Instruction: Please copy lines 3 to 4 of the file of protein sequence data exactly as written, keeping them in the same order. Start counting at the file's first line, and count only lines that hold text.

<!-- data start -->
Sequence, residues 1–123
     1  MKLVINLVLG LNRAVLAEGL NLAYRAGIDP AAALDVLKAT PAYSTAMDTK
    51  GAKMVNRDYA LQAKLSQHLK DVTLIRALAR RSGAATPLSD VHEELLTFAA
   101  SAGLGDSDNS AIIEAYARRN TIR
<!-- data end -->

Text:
    51  GAKMVNRDYA LQAKLSQHLK DVTLIRALAR RSGAATPLSD VHEELLTFAA
   101  SAGLGDSDNS AIIEAYARRN TIR